While I haven’t forgotten about the last installment of the articles on caffeine-containing herbs, I have had to temporarily put it on hold in order to prepare the cooking classes that I’ve been giving in the local community of late.
This week’s class is on cooking with beans, above and beyond the pea soup and baked beans typical of my region. In an effort to find ways to use beans in every type of food course, the final touch was bean dessert. While black bean brownies will definitely be making it in there, I also wanted a good cookie recipe. So loosely (ok, very loosely) basing myself on the US Dry Bean Council’s (I was as surprised as you to find out that they existed) recipe here, I went to work creating my own.
I really liked them, but then I’m biased in favour of my own cooking; they do have a light and somewhat cakey texture (you’re warned in case you don’t like that) and I did find them a tad on the sweet side. As a result I had my husband taste-test and his verdict was ”succulent: a bit too sweet for us though, cut the sugar in half next time.”
So I’ll shut up now and let the recipe speak for itself:
- 2/3 cup granulated cane sugar (less if you aren’t super into sweet)
- 1/2 cup coconut oil, soft but solid
- 3/4 cup dry pinto beans, soaked and cooked until soft
- 3 ripe banans
- 2 teaspoons vanilla
- 2-1/4 cups flour (you may need a bit more, particularly if you use canned beans which are somewhat soupier than the dry ones. Use whatever kind of flour you like, I used what was sitting at the bottom of the flour pot which had a mix of oat, barley, wheat, rye, sourghum and millet)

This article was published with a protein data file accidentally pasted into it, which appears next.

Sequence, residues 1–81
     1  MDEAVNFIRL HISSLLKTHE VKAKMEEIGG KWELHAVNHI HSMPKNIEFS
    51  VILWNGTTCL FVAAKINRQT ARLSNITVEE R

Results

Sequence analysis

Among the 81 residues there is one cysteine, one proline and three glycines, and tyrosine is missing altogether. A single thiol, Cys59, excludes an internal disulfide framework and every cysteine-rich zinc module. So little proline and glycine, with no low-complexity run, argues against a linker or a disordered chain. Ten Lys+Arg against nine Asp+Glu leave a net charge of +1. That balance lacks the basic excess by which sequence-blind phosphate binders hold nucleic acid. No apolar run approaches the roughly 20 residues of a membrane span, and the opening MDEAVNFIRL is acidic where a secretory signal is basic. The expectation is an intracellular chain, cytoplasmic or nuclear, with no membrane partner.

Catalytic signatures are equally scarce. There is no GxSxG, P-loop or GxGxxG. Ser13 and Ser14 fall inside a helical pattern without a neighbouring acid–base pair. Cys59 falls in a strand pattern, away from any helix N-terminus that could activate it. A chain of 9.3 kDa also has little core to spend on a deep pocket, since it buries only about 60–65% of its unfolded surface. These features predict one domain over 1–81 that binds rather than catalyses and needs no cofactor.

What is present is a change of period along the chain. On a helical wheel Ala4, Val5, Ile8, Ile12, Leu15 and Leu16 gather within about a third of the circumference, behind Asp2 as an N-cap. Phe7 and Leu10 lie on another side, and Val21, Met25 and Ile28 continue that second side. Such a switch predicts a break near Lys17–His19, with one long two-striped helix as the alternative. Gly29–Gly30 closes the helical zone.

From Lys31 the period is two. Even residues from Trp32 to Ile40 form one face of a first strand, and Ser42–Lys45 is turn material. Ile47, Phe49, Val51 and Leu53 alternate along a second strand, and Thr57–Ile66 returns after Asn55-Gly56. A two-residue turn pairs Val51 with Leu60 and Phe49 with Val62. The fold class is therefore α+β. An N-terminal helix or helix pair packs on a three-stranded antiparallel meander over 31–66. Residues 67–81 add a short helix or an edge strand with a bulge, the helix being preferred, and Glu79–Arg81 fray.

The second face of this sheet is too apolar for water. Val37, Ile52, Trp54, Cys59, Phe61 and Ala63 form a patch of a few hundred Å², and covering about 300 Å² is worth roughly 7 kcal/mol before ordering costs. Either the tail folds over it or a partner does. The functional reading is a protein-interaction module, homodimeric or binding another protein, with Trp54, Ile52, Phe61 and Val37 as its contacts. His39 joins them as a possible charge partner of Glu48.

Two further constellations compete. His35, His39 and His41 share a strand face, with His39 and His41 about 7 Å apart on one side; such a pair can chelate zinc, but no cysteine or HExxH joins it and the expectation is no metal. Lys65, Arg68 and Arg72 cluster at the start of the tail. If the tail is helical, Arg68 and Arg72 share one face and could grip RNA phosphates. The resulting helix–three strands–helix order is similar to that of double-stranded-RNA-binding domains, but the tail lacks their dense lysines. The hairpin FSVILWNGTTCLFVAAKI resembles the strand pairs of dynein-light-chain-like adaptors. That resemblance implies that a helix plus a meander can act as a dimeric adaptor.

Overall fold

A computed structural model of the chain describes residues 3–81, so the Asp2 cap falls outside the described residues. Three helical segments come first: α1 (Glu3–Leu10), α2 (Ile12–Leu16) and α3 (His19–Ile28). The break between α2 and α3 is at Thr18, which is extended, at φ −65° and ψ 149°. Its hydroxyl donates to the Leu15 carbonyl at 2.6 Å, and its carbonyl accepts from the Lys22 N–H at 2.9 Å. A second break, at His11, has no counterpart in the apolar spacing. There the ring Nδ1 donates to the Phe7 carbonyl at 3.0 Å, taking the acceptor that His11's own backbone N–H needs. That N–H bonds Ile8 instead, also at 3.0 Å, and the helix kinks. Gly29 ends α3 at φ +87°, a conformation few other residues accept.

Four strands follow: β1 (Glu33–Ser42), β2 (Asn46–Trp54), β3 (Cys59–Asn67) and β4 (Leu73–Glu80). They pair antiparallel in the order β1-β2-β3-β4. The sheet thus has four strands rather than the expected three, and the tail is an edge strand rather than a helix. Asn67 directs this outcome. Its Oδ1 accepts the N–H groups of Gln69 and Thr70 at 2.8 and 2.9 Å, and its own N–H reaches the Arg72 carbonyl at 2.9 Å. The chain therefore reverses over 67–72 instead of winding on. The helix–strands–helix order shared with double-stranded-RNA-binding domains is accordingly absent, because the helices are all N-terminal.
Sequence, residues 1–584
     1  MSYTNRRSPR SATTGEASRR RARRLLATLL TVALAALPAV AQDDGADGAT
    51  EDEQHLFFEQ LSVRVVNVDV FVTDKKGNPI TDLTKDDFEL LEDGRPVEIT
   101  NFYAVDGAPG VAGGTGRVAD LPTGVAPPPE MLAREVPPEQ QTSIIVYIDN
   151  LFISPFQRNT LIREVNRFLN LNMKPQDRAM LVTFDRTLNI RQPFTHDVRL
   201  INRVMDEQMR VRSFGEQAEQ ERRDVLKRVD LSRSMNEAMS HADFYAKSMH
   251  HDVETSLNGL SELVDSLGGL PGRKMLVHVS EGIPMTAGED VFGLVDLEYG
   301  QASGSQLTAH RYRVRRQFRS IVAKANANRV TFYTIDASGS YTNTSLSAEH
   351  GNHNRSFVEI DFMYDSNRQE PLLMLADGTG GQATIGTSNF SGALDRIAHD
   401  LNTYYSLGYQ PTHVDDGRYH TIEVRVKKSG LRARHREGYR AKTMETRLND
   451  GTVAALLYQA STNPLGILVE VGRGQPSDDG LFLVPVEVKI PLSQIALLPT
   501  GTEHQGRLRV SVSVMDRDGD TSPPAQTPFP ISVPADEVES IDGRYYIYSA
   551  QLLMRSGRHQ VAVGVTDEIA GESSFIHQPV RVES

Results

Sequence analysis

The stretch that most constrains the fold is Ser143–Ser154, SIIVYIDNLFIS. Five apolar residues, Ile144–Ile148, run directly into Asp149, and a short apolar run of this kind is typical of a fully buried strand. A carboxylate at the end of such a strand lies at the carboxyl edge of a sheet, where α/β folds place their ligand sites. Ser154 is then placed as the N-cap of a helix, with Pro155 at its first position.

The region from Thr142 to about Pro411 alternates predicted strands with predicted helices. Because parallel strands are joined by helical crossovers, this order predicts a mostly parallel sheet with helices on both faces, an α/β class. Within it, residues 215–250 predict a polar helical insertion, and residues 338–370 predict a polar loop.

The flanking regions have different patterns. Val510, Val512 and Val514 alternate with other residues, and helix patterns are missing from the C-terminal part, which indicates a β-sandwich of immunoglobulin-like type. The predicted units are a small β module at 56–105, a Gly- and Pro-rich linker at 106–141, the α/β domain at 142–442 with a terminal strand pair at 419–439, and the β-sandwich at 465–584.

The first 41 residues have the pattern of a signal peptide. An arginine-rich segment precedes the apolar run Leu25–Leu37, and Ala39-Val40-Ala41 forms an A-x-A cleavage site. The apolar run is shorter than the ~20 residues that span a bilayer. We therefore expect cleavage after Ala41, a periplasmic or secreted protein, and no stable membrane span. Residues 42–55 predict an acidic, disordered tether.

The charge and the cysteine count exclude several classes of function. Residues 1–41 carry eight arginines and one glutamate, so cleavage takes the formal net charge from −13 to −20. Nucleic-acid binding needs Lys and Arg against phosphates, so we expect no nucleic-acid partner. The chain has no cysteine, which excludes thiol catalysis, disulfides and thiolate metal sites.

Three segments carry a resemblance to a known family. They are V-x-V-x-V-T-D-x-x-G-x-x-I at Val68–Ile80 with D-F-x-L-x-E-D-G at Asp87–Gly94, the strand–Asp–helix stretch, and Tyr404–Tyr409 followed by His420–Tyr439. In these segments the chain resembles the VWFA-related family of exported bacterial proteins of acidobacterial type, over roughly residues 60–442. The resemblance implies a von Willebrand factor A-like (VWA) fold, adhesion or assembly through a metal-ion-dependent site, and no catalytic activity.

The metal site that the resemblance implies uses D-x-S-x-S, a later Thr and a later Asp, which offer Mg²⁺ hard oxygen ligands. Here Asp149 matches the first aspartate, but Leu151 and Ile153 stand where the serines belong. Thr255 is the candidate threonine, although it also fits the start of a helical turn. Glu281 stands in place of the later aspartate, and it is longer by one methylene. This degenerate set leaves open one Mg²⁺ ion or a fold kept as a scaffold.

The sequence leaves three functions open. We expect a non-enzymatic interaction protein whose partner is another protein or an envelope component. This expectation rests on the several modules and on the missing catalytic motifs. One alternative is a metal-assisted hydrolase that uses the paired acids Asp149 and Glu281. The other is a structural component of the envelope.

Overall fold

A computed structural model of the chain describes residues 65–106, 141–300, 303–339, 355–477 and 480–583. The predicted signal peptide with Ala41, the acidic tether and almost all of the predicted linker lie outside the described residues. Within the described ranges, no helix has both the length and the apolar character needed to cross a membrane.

- 1 teaspoon baking soda
- 1 teaspoon baking powder
- 1/4 teaspoon salt
- 1 cup chopped dates (you could use nuts instead, or trail mix, or chocolate, or whatever add-in tickles your fancy and works with banana in your world)
- Preheat oven to 375 degrees.
- Drain the beans and mash them with a fork. They’ll be pretty dry, that’s OK.
- In a food processor blend the sugar and coconut oil until smooth. Add the bananas and blend well. Add pureed pinto beans and blend until the mixture is smooth and even.
- Combine dry ingredients in a medium bowl. Add the wet mix from the food processor and mix until the dough comes together. Fold in the dates.
- Make 1 tablespoon sized cookies (the two-spoon method or ice-cream scoop method work well) on a greased cookie sheet. They don’t spread a whole lot so you can probably put a dozen to a pan.
- Bake for 12-14 minutes or until golden. Cool on a rack. Makes about 4 dozen.